My hometown is quite the hot spot for outdoor adventure. Chattanooga has been named one of the top bike-friendly cities in the United States by Bicycling magazine, a top “10 Dream Towns to Live Big, Play Hard, and Work (if you must)” by Outside magazine and called one of the “Best Adventure Towns in the U.S. to Live + Play” by National Geographic Adventure magazine.
One of the incredible organizations in our area dedicated to the outdoors is RiverRocks. RiverRocks features an annual festival that benefits eight different local land conservation organizations for the greater good. This partnership leads to the first of three ingredients for a successful nonprofit innovation:
#1 Generous portions of collaboration.
When competing ideas and competing missions exist in silos, there are plenty of missed opportunities to increase the bottom line for all.
The Tennessee River Gorge Trust, along with the Trust for Public Land, Lula Lake Land Trust, Friends of the Cumberland Trail, North Chickamauga Creek Conservancy, Chattanooga Arboretum and Nature Center, Friends of Moccasin Bend and the Lookout Mountain Conservancy are RiverRocks partners for good, serving as joint beneficiaries of RiverRocks donations. In addition, RiverRocks has a growing list of other outdoor groups, sponsors and community partners including Rock/Creek, EPB, Hunter Museum, Music City Roots, Arts Build, Cornerstones, WTCI-PBS and the Tennessee Aquarium.
Over the past three years there has been an impressive 100,000+ participants in RiverRocks with a mission “to produce a fun-filled, family-friendly, environmentally conscious event which celebrates the incomparable natural resources of the region and the activities they inspire, the health benefits of an active outdoor lifestyle and Chattanooga’s commitment to environmental stewardship and land conservation.” All of this goodness leads to the second key ingredient for successful nonprofit innovation:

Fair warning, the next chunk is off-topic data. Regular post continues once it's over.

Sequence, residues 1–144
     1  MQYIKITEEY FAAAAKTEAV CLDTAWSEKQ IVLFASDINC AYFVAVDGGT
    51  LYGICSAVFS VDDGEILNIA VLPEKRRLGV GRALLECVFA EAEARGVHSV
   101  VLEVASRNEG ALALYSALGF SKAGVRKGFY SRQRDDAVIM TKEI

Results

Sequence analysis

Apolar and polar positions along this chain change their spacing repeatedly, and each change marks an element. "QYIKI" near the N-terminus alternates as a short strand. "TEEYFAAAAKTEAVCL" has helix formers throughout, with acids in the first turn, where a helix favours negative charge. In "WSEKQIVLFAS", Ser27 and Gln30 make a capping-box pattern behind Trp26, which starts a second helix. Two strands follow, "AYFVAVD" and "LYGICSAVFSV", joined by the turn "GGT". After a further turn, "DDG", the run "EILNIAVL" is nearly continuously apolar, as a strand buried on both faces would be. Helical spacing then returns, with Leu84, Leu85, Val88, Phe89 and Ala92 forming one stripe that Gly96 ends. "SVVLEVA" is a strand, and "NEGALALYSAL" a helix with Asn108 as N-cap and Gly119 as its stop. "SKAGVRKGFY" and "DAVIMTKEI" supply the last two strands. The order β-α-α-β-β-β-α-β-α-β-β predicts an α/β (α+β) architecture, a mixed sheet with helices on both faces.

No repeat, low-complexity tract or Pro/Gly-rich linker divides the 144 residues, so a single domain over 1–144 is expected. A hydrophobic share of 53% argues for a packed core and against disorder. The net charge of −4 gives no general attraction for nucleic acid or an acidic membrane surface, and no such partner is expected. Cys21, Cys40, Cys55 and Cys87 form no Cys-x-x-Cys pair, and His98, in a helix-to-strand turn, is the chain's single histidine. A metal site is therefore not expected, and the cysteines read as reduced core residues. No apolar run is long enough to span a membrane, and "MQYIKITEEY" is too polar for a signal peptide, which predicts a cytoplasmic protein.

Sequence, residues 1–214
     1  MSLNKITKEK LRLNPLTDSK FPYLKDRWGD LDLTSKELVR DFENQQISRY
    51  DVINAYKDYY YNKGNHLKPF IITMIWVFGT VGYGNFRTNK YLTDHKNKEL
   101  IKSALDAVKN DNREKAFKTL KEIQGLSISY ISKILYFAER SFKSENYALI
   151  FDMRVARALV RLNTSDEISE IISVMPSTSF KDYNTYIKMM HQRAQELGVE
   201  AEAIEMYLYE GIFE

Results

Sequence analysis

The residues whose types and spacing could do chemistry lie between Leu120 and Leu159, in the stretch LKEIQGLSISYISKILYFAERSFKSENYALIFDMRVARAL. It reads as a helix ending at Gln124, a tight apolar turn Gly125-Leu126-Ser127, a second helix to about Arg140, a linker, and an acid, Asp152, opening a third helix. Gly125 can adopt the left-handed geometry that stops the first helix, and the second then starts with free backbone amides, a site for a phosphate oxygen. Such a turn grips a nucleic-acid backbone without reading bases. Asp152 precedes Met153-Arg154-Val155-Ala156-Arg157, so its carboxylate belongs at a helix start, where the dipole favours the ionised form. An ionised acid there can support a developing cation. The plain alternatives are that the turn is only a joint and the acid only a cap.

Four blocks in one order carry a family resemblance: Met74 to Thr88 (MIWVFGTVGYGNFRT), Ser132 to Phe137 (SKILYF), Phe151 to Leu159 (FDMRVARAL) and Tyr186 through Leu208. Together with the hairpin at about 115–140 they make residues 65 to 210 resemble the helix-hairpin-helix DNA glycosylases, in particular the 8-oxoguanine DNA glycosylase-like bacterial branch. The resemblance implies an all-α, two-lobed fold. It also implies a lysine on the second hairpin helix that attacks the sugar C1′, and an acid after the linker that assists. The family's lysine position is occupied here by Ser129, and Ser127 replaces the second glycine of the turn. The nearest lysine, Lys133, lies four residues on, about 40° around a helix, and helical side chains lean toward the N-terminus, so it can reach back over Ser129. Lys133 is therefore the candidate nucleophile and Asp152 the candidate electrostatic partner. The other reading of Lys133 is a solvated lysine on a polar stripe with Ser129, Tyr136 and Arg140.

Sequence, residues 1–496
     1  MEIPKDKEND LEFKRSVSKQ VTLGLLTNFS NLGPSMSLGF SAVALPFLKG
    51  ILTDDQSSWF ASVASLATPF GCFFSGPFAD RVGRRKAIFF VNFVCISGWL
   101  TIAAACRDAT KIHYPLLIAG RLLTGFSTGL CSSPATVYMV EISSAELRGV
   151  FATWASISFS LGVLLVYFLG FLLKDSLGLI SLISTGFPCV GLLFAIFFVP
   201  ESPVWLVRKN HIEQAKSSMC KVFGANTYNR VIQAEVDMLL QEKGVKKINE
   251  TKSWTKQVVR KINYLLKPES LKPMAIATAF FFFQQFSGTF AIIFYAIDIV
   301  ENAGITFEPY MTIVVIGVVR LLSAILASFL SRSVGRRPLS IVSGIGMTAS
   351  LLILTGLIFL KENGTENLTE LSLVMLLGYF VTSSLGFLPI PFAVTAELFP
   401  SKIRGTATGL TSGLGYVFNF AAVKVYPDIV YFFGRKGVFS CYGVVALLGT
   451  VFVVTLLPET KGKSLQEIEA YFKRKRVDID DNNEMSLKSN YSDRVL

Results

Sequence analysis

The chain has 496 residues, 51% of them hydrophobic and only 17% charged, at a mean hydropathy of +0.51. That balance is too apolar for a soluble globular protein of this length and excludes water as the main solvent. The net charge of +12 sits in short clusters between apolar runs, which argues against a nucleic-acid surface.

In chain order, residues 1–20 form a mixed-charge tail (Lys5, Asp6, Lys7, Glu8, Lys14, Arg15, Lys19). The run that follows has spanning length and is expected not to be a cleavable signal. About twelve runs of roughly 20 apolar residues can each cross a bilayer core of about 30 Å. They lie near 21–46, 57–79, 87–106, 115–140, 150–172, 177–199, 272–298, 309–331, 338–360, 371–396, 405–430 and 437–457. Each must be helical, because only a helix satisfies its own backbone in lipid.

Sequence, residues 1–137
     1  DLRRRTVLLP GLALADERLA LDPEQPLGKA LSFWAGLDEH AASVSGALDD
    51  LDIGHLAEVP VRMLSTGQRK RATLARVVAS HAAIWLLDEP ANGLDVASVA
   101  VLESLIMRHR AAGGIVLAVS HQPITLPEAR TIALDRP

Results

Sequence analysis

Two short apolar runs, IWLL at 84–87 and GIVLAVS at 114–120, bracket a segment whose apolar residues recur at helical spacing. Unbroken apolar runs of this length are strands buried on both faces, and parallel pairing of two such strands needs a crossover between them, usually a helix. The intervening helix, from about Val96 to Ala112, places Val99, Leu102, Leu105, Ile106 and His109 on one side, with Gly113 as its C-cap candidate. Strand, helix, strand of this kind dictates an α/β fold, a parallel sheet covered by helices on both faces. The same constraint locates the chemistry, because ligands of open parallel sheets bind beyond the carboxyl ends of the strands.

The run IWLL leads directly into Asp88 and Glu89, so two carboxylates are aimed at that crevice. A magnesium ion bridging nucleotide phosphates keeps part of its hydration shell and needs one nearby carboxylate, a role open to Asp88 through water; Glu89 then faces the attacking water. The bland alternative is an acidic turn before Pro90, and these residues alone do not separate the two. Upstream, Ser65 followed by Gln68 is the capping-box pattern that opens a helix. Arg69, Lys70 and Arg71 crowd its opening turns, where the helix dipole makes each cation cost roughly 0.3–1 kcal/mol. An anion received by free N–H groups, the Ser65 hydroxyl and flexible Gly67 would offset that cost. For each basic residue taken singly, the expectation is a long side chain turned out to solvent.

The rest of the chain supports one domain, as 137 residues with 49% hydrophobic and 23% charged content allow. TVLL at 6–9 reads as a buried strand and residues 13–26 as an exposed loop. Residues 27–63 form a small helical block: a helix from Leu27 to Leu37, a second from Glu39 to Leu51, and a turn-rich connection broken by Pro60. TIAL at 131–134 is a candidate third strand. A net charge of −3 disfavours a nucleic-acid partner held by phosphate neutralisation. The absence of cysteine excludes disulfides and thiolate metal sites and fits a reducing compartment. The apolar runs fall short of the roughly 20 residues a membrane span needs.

#2 Generous portions of mission-relevance.
The nonprofit community may have saturated the world of auctions and golf tournaments, but there is plenty of room for mission-relevant event innovation. When individuals unite for a common goal and push mission-aligned ideas forward, this is the trail that leads to successful nonprofit innovation and greater community good.
The RiverRocks Festival, produced by Chattanooga Presents, partners with many community-based organizations to take mission-relevance to a new level of engagement. Just check out this schedule of public events from last year here, here and here.
Finally, the third key ingredient for successful nonprofit innovation is:
#3 A splash of something unique.
We live in a digital revolution that requires standing out above the noise of social media, sound bites and email overload. Some may say a ‘splash of something unique’ is gimmicky, but I say look closer. When targeted for good and combined with ingredients #1 and #2, things like this are possible:
Have you used generous portions of collaboration and mission-relevance plus a splash of ‘something unique’ to create successful nonprofit innovation in your community? If so, please share here or drop me a line!